The Lost Vedic River Sarasvati, Part 4


BY: SUN STAFF - 2.10 2020

Goddess Saraswati
Raja Ravi Varma, c. 1896

A serial presentation of writings about the sacred River Sarasvati.


Failed Efforts to Hijack the Sarasvati away to Afghanistan

In order to force fit the literary descriptions of River Sarasvati in the so-called Aryan invasion model (its offshoot, AMT), certain scholars have gone to the extent of locating it in Afganistan. The sixth mandala of the Rigveda is admittedly the earliest mandala of the text. Taking advantage of this fact, Alfred Hillebrandt (a professor of Sanskrit in the 1880's at the university of Breslau, Germany) distinguished two Rigvedic Sarasvatis , western and eastern. According to him, the scene of action in the sixth mandala of the Rigveda is the Arachosia region in Afghanistan, and the Sarasvati depicted in that Mandala is river Arghandab flowing there (Hillebrandt, 1891/1999 : 2.209-12).

It was , this western Sarasvati, the Arghandab, in his opinion, that had blessed Vadhryasva with a son named Divodasa. He locates the Panis, Paravatas and Brisayas, mentioned in the sixth mandala, in and around Arachosia, identifying them with Parnians of Strabo, Paroyetai of Ptolemy, and Barsaentes of Arrian, respectively. However, as it was next to impossible for him to locate the Bharata princes performing yajnas on the banks of Sarasvati, Drishadvati and Apaya associated together, he admitted that the Sarasvati of the seventh and all other mandalas of the Rigveda, except the sixth, was the eastern Sarasvati that flowed through Kurukshetra.

Alfred Hillebrandt who may be overlooked, for he was writing all this over a century ago when the Aryan Invasion Theory was accepted as Gospel Truth and when Sarasvati had not been rediscovered. On the same grounds, similar other speculations like that of Brunnhofer, who identified Sarasvati with Oxus or, for that matter, those of Roth and Zimmer, who thought that Sarasvati could be Indus and no other river, may be disregarded. These speculations were never taken seriously, and Macdonnel and Keith, the authors of the Vedic Index, had rejected them as early as in 1912.

Even before them, Max Muller, who was no friend of Indian nationalists, maintained that though lost in the desert, the modern Sarasvati was in the Vedic period a large river which reached the sea either independently or after joining the Indus. In view of such a background, it certainly surprises one to find that scholars like Irfan Habib and R.S. Sharma still argue that Sarasvati of the earlier portions of Rigveda existed in Afghanistan, not in India!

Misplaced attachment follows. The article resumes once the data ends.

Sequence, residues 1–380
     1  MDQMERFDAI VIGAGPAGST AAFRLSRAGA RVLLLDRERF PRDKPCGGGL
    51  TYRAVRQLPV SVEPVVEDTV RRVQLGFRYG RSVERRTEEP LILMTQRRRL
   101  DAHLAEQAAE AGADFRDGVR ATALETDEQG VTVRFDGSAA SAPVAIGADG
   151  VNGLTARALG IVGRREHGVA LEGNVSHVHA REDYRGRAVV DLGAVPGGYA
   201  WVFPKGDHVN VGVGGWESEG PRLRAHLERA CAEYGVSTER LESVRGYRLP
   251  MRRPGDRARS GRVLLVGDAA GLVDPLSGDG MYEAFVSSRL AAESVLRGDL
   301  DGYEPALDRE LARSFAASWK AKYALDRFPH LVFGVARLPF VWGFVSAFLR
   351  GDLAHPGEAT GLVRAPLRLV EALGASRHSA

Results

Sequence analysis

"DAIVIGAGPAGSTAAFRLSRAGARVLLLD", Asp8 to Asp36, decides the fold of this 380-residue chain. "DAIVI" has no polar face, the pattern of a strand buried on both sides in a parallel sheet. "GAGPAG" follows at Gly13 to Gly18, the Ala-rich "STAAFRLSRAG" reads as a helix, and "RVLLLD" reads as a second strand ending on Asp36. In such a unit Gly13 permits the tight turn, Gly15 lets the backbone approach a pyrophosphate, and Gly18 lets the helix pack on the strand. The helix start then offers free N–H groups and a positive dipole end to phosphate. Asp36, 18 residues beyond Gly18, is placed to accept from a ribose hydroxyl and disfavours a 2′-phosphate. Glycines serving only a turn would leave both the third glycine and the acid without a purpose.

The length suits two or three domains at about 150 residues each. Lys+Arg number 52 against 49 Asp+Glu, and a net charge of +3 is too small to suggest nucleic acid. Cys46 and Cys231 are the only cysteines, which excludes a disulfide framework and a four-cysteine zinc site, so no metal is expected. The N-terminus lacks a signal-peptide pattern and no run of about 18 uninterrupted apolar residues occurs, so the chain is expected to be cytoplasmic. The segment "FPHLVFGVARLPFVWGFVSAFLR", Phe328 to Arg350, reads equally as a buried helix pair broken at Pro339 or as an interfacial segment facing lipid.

Archaelogical sites on River Indus and River Sarasvati
From 'Lost River ' On the Trail of the Sarasvati' (M. Danino)

In their paper entitled, 'The Historical Geography of India 1800-800 BC', presented to the 52nd Session of Indian History Congress held in 1992, Irfan Habib and Faiz Habib opined that the name 'Sarasvati' in the Rigveda stands for three different rivers. They designate them as Sarasvati-1, Sarasvati-2, and Sarasvati-3. According to the Habibs, Sarasvati-1 is the Avestan Harakhvaiti or Harakvaiti, 'the river which gave its name to the 10th land created by Ahur Mazda', the region later known to the Achaemenians as Harakhuvatish and to the Greeks as Arachosia.

The Habibs recognize Sarasvati-2 as the Indus itself and assign all descriptions of a mighty Sarasvati in the text to this river. Sarasvati-3 , according to them, is the Sarasvati of the 75th hymn of the tenth book of the Rigveda ( the famous Nadi Sukta) in which 'Sarasvati appears among the tributaries of the Sindhu'. It is Sarasvati-3, they conclude, which is 'the sacred Sarasvati of the later Vedic and post-Vedic literature' and which is shown as Sarasvati-Ghaggar-Hakra in the Survey of India maps.

Thus, Ifran Habib and Faiz Habig revive more than a century of old discarded theories of Hillebrandt, Roth and Zimmer at a stretch. However, unlike Hillebrandt, who identified Sarasvati with Arghandab, the Habibs equate it with the Helmand 'above its junction with Arghandab' because the latter has 'much smaller volume of water' to match when referred together with big rivers like Sarayu and Sindhu as in Rigveda 10.64.9. However, the equation of Sarasvati with Helmand is simply out of the question. As I have already discussed elsewhere (Singh, 1997-98: 140), Helmand is Avestan Haetumant, the river that gave to the 11th land created by Ahur Mazda (Vendidad, 1.14). Had the Avestan Haetumant been known to the Rigveda, it must have been known as 'Setumant', not as 'Sarasvati'.

In fact, the Habibs have done away with this problem just in three paragraphs, covering less than a page of their paper. They have not even referred to the objections, not to speak of countering them, that led to the rejection of the theories propounded long ago by Hillebrandt, Roth and Zimmer, which they seek to revive. Nevertheless, a senior leftist intellectual like R.S. Sharma takes this placing of the so-called 'earliest' Sarasvati in Afganistan as a proven fact. On page 35 of his book, Advent of Aryans in India, published in 1999, he states: "The earliest Sarasvati is considered identical with the Helmand in Afganistan, which is called Harakhvaiti in the Avesta." Need we remind him that Helmand is called Haetumant, not Harakhvaiti in the Avesta?